The relationship between nature and mental health is of particular interest to us at Rose Hill Center because we see the positive effects every day. The benefits provided just by virtue of our location cannot be understated. In fact, our more anecdotal findings are echoed by research on the topic.
Brooks et al. (2017) discuss the connection between nature and mood. The findings of this study which included 120 undergraduate students support a strong conclusion that nature contact is an important and effective strategy for emotion regulation. Other research on this topic found that any kind of immersion in the natural world heightens an overall sense of well-being and may increase positive engagement with the larger human community. Moreover, an article published by Harvard details how a simple 90 minutes spent in nature improves stress, anxiety and depression levels.
Exciting new research on the topic sheds light on the reasons behind these phenomena. Why (how) does being in nature improve mood and feelings of well-being? According to Bratman et al. (2015) being in nature changes how the brain functions. This study, first published in the Proceedings of the National Academy of Sciences of the United States of America included 38 participants who underwent brain scans before and after a walk. Half walked in an urban environment and half walked in nature. Neural activity in the area of the brain associated with rumination decreased among the nature walkers. The researchers stressed that “given the documented link between rumination and risk for depression and other psychological illnesses” this connection suggests a possible mechanism by which these benefits are generated.
Similar research is detailed in the top selling book The 3 Day Effect by Florence Williams which chronicles research conducted by David Strayer, a cognitive psychologist, with trauma survivors as they experience nature together. The findings support previous research that shows increases in mood and a general sense of well-being. Strayer also used brain scans to test the effects of nature on neural activity with similar results to Bratman’s study. Of particular note in the 3 Day Effect were the functional benefits of being in nature. Strayer included cognitive testing at various points in the nature experience, and found a significant increase in cognitive abilities and attention as well.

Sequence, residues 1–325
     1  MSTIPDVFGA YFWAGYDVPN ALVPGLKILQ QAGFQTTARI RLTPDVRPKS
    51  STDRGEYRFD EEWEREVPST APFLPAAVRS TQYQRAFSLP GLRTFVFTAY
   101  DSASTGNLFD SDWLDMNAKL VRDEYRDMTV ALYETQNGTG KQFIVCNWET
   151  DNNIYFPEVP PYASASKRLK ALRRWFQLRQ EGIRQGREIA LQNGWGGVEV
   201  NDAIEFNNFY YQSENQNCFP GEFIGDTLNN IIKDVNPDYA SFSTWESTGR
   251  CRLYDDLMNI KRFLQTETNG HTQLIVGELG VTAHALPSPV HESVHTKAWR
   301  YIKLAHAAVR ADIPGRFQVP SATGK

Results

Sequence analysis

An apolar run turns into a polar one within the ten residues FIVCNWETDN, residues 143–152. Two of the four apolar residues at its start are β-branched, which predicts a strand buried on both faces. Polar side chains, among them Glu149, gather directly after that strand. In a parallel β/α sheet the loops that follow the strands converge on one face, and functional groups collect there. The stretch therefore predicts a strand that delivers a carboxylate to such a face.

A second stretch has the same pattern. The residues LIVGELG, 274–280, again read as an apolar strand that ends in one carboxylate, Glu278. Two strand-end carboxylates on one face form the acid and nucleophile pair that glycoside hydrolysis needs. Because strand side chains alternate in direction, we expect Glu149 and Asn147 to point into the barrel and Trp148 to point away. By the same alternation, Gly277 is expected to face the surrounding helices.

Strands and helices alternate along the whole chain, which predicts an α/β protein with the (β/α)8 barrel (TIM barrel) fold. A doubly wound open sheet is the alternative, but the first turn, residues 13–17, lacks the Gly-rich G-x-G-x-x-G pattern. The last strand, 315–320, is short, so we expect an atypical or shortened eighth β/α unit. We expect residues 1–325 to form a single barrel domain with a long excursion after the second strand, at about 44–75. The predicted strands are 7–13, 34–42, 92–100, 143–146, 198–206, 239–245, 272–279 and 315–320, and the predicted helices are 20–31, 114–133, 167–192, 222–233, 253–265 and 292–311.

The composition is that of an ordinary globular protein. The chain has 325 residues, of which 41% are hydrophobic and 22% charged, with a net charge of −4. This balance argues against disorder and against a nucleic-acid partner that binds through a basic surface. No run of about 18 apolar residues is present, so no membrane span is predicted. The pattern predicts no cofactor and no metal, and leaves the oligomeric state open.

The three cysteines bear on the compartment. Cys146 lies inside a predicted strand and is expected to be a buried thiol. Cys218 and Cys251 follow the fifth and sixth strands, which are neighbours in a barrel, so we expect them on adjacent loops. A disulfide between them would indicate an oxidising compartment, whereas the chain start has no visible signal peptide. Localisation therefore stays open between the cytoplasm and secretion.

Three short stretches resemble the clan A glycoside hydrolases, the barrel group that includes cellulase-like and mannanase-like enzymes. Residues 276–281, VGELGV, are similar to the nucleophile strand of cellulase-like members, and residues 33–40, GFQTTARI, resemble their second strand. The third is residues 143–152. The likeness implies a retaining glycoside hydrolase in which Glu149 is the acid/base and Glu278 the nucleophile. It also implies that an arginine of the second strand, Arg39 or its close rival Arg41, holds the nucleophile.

There are many treatment options available when someone is looking for residential care. The decision is something that requires research and a great deal of thoughtful inquiry. Please feel free to enlist the help of Rose Hill’s experienced admissions staff to assist you in your search. After all, they enjoy the brain-building benefits of nature everyday on Rose Hill’s campus!
Bratman, G., Hamilton, J., Hahn, K., Daily, G., & Gross, J. (2015). Nature experience reduces rumination and subgenual prefrontal cortex activation. Proceedings of the National Academy of Sciences of the United States of America,112(28), 8567-8567.
Brooks, A., Ottley, K., Arbuthnott, K., & Sevigny, P. (2017). Nature-related mood effects: Season and type of nature contact. Journal of Environmental Psychology, 54, 91-102. doi:10.1016/j.jenvp.2017.10.004
Jordan, R. (2015). Stanford researchers find mental health prescription: Nature. Targeted News Service, N/A.
Kane, Suzanne. “10 Ways Nature Helps Your Well-Being”. Psychcentral, 8 July 2018. https://psychcentral.com/blog/10-ways-nature-helps-your-well-being LaBier, Douglas. “Why Connecting With Nature Elevates Your Mental Health”. Psychology Today, 8 Jan. 2018. https://www.psychologytoday.com/us/blog/the-new-resilience/201801/why-connecting-nature-elevates-your-mental-health
Sour mood getting you down? get back to nature. (2018). Harvard Health Publications. Harvard Men’s Health Watch,N/a.
Williams, F.(2016). This is your brain on nature. National Geographic, 229(1).